Mrs. Clark did segregate one major piece from the rest of her holdings – a Claude Monet painting from the artist’s famous “Water Lilies” series. This 1907 canvas was last publicly displayed in 1925 and purchased by Mrs. Clark from the Bernheim-Jeune Gallery in Paris – the original acquirer from Monet – in 1930. In her Will, Mrs. Clark bequeaths this unique painting to the Corcoran Gallery of Art in Washington, DC. The choice was not random. Mrs. Clark’s father William Andrews Clark (1839-1925) – a onetime U.S. Senator from Montana as well as a copper and railroad tycoon who at one point was the largest landowner in Nevada – was also an avid art collector and donated his entire collection to the Corcoran, which named a special wing in his name, “Antiquities to Impressionism.” Perhaps more meaningful, Mrs. Clark had seven of her own paintings exhibited at the Corcoran in the spring of 1929 that contemporaneous news reports indicate drew high praise from critics.
“In keeping with both her attachment to her Santa Barbara residence and her own background as an artist of considerable skill, it is fitting that approximately three-quarters of Mrs. Clark’s estate was designated for charitable purposes, including the establishment of a non-profit arts foundation housed in her beloved Bellosguardo,” Mr. Dadakis said.
Minimal Family Contact, Remaining Gifts go to Caretakers; $1 Million to Hospital
Mrs. Clark’s father – who was 67 when she was born in Paris in 1906, the youngest of his seven children – died when she was only 19. Her older sister Andrée – whom like Huguette, was the product of her father’s second marriage to Anna LaChapelle – died from meningitis in 1919, when Huguette was 13. As The New York Times noted following her divorce in 1930 after a two-year marriage, the proper socialite chose to be known afterward as Mrs. Huguette Clark. “By the late 1930s, Mrs. Clark had disappeared from the society pages,” The Times reported. “Most if not all of her siblings had died; she lived with her mother at 907 Fifth Avenue, painting and playing the harp. Her mother died there in 1963.” The last published photograph of Mrs. Clark is from 1930.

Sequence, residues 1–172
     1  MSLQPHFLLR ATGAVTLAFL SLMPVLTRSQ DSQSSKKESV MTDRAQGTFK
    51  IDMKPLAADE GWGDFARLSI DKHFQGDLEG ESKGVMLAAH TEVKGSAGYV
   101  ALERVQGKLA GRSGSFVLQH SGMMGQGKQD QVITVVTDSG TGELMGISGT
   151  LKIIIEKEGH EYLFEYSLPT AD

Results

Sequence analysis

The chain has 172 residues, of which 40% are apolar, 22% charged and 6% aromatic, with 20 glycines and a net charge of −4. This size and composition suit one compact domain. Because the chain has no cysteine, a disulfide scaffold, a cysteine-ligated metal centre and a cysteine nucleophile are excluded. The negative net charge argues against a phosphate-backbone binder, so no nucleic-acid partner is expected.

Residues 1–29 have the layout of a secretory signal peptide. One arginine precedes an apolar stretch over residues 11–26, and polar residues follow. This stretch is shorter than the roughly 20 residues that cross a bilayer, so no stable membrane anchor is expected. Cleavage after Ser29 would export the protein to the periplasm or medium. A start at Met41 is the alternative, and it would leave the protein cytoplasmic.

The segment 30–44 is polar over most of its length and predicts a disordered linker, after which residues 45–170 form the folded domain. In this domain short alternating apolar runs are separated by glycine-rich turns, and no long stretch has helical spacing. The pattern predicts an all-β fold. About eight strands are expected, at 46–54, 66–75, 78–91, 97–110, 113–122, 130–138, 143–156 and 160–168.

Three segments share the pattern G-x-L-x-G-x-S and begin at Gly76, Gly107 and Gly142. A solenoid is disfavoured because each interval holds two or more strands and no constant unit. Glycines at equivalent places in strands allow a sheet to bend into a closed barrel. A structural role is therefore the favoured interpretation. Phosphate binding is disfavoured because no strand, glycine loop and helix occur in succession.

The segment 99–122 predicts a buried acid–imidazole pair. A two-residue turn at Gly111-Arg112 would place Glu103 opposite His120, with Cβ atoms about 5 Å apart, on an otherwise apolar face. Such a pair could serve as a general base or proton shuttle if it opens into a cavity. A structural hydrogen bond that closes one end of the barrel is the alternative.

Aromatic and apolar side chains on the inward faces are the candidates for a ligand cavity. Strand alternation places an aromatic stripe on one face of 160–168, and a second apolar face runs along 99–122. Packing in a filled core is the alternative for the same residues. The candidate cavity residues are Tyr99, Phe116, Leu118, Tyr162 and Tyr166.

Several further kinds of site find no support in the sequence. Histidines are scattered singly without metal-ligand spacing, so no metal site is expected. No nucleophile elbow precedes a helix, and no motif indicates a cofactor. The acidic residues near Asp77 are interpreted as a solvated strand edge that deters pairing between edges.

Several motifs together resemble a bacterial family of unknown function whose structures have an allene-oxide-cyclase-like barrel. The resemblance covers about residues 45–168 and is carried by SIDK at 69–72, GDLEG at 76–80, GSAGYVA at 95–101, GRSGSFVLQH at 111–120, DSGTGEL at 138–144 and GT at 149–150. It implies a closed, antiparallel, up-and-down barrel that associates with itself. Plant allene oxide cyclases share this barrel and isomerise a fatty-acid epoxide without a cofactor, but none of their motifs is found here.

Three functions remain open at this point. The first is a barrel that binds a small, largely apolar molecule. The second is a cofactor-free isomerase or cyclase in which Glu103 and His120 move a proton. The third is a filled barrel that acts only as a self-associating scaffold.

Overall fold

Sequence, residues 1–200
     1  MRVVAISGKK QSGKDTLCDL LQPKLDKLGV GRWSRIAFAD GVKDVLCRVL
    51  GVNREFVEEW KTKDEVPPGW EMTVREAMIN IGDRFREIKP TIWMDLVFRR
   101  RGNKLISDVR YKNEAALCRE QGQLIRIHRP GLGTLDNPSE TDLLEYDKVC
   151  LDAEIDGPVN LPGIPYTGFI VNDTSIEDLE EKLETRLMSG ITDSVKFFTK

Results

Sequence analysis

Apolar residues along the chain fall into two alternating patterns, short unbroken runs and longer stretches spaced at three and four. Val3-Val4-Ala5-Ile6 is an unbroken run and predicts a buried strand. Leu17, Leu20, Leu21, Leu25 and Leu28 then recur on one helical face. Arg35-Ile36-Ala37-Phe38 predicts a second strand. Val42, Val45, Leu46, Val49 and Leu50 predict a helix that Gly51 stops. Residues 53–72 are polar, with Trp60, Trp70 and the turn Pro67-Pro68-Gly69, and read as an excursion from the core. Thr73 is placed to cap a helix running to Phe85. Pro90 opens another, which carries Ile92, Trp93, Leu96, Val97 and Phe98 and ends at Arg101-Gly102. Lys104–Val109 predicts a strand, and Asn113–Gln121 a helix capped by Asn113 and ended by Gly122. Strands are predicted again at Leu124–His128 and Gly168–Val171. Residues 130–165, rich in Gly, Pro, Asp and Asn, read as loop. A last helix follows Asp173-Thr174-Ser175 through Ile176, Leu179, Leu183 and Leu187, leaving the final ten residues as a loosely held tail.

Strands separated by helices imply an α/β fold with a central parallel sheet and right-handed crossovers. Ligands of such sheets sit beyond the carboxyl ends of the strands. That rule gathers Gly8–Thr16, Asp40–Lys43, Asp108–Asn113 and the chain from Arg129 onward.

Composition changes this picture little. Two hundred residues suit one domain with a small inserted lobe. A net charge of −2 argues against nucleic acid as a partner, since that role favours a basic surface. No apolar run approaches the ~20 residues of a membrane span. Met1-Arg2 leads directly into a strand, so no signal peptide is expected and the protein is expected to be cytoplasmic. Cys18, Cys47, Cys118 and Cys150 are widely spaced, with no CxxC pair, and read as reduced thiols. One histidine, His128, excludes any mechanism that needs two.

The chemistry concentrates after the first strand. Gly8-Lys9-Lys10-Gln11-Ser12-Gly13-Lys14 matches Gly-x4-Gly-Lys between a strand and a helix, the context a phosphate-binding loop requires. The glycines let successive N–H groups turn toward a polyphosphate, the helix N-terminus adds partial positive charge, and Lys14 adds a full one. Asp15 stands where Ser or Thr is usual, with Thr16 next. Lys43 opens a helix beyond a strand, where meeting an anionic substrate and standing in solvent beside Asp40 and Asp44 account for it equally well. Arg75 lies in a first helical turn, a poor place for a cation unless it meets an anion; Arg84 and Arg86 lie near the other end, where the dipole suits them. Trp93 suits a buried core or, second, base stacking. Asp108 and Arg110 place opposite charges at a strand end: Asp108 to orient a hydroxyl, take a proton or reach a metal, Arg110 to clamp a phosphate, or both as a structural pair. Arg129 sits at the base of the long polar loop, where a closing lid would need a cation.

Mrs. Clark’s increasing detachment from society as well as from her former relations over the last half-century is borne out by the instructions in her Will, written when she was 98. “I intentionally make no provision…for any members of my family, whether on my paternal or maternal side, having had minimal contact with them over the years,” she stated. “The persons and institution named herein as beneficiaries of my Estate are the true objects of my bounty.” Among the beneficiaries named in the Will, along with their bequests, are:
• $1 million to Beth Israel Hospital in New York, where Mrs. Clark had been a semi-permanent resident since the early 1990s;
• Cash bequests to a small group of individuals – including her personal physician, former assistant, attorney, accountant, property managers and other staff – who had assisted her in her final years, totaling less than $2 million.